Is it weird for him to watch actors play tennis on screen?
“It’s not an easy sport to fake if you haven’t been trained,” he says, laughing. “I imagine it would be like trying to have a tennis player be in a movie about a ballet star. But I quite enjoyed the movie about Billie Jean King and Bobby Riggs [Battle of the Sexes], with Emma Stone and Steve Carell. I thought that one was quite good. And, of course, The Royal Tenenbaums is just incredible.”
It goes without saying this year’s Open will be different – about 1000 international players, support staff and officials have been in hotel quarantine, crowd numbers have been capped at 390,000 over the tournament’s two weeks, about half the average attendance, and physical distancing will be implemented in the stands.
For those watching at home, it will appear business as usual except Courier and his fellow commentators – Lleyton Hewitt, Todd Woodbridge and Chris Evert – will be watching the matches from high up in the skybox and not in their usual position in the bunker, which does not allow for social distancing.
Will it be difficult to commentate on the game from so far away?
“It’s not as good there, there’s no question about it,” he says. “That bunker location is the best spot to commentate tennis in the world. Because you’re right in there with the players, you can see the arc of the ball, you can almost play the points with the player that’s on your side of the net. And you can see their facial expressions after the point, too. So it’s much more instructive. But the skybox is a very common location for tennis commentary. So it won’t be as good for me personally, but it’ll be fun.”
That the Australian Open is even going ahead has been a cause of consternation for some, with early fears a hotel quarantine leak could turn into another superspreader event not unlike the one Melbourne faced in July last year.
Courier says as a US citizen he is not entitled to have a view on whether the tournament should have proceeded – last year’s Wimbledon was cancelled, while both the US and French Opens went ahead without crowds – but is “in awe of what the citizens and the government have been able to achieve down here”.
“My government is disturbingly close to approaching 500,000 deaths right now,” he says. “It’s just a shock. So for me, it’s just gratitude that Australia has been so successful and that Tennis Australia has an opportunity to be a part of that success story.”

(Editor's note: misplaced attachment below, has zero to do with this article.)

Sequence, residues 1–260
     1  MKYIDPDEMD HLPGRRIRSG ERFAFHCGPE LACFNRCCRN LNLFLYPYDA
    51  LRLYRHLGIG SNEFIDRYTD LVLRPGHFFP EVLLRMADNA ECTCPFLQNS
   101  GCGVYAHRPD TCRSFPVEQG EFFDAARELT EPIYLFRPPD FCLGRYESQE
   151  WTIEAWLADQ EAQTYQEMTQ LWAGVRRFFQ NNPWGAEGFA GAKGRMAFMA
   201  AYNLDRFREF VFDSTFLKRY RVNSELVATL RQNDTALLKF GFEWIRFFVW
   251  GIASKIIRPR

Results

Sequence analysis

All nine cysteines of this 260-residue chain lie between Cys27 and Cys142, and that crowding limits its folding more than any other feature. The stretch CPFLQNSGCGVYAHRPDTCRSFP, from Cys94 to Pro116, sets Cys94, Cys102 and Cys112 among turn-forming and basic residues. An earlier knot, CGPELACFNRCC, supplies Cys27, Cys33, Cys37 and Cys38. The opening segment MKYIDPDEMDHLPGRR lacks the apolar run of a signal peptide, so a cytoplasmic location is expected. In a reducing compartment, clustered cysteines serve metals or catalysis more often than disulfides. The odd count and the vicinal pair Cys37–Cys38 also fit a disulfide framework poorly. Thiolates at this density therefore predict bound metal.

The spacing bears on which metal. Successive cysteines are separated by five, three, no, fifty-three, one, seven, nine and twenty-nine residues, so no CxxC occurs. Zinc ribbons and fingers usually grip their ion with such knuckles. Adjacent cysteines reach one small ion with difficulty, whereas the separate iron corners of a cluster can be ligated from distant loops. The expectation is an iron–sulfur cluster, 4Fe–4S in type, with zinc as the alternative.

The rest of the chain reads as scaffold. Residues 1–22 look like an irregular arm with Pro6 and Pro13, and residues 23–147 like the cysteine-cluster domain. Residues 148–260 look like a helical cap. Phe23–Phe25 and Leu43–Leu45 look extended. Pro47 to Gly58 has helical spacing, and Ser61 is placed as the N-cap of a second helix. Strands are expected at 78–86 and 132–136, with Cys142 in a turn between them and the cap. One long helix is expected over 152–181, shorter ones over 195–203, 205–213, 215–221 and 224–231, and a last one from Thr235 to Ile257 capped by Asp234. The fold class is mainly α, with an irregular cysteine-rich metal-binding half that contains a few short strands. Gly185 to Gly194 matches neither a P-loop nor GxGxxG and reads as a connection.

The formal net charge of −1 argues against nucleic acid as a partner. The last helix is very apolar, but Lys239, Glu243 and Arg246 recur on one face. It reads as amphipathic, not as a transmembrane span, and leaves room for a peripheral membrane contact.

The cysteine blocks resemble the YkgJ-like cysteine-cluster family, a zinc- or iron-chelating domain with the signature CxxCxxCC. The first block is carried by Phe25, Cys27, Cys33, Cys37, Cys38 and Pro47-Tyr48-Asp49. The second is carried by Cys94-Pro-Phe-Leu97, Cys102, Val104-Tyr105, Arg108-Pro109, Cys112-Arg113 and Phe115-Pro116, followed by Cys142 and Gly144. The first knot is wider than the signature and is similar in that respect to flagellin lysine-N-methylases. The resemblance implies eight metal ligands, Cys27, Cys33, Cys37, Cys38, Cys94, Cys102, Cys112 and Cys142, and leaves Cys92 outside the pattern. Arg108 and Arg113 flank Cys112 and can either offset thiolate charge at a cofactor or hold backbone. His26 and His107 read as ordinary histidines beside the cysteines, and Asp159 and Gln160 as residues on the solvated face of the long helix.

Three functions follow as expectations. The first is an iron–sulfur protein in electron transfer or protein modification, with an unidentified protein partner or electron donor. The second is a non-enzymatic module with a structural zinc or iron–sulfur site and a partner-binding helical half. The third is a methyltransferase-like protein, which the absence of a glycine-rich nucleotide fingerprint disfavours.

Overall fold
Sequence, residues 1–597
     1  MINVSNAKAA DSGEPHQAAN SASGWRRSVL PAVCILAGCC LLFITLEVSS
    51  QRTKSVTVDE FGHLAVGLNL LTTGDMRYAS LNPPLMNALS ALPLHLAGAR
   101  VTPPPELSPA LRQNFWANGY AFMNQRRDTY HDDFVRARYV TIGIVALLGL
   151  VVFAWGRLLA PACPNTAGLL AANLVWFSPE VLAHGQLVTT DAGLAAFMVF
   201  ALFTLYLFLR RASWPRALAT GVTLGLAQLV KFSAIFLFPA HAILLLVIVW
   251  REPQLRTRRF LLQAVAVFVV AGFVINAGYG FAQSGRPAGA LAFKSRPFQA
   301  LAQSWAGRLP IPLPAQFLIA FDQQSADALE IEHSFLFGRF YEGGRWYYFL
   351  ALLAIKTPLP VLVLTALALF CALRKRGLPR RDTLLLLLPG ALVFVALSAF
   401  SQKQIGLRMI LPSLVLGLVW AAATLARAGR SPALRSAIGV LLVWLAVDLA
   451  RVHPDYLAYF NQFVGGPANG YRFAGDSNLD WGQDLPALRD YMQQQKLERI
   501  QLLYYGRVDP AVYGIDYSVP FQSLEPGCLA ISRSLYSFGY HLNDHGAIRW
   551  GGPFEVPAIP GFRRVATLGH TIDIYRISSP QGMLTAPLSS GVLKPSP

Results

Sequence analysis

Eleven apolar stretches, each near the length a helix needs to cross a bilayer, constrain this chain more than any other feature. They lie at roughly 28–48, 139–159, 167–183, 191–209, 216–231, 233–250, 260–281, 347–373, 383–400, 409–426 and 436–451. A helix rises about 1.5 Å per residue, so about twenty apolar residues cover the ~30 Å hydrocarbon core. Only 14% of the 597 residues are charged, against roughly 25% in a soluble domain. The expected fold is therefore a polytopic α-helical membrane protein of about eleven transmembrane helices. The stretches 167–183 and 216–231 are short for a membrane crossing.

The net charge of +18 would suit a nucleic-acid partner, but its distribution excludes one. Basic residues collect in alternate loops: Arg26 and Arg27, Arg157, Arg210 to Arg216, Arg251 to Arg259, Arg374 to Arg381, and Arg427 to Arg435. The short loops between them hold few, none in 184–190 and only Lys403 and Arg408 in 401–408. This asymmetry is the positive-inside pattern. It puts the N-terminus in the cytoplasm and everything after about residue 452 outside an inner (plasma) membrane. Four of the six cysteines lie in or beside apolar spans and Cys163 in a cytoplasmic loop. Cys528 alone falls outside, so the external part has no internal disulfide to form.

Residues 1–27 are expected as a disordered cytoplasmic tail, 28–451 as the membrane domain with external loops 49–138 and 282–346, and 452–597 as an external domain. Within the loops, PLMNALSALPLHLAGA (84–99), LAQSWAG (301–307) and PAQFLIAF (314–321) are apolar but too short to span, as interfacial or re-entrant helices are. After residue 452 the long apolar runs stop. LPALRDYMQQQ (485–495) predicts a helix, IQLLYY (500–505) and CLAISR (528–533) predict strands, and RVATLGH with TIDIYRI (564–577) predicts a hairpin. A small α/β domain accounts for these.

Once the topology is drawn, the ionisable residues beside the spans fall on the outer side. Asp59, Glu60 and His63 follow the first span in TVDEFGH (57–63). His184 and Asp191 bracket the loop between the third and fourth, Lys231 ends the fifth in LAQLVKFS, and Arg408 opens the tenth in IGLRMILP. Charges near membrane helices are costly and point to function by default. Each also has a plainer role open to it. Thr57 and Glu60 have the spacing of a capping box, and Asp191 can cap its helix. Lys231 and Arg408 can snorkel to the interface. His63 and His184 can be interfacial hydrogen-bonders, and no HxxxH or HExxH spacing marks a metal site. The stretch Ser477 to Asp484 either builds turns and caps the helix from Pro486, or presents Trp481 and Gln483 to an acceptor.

He says the backlash against world No.1 Novak Djokovic over his reported requests players in hard quarantine should have been moved to “private houses with tennis courts” was misguided. Courier goes so far as to call it a “miscarriage of justice”.
“People need to keep this in perspective,” he says. “What’s really important to remember is that Novak didn’t need any of the things that he was suggesting. He was the one who had a balcony, he had access to the court for five hours a day to do his training and his off-court training.
“What he was asking for was help for the people that are going to try and beat him at the Australian Open. That’s really important to note: he was helping the people that he’s going to compete against.
“Because while some of the things he asked for are still pie in the sky – the house with the tennis court, all of those things, it’s so completely unrealistic – but it was still done with the intention to help his competitors and I think that’s been lost in the shuffle.”
As for the players who were stuck inside, does Courier believe they will be disadvantaged when the Open begins on February 8?
“The challenge [for those players] is just losing feel – with the tennis ball on the tennis racket. It certainly helps to be able to hit balls against mattresses and keep your hand on the racket, but you don’t get to judge the distance of your shot in the same way.”
And, because no tennis interview would be complete without it: how does Courier rate the chances of Australia’s own enfant terrible turned golden boy Nick Kyrgios this year?
“He should be in a great frame, because he’s been home, he’s been around his friends and family, and hopefully he’s had a good block of training,” he says. “And we’ll figure that out once play gets under way because that’s when you know – the ocean recedes and you can see who’s been swimming with their clothes on or who’s been swimming naked.”
The Australian Open begins on February 8.
Louise is Editor of S and TV Liftout at The Sun-Herald. She also hosts the SMH and Age podcast The Televisionaries.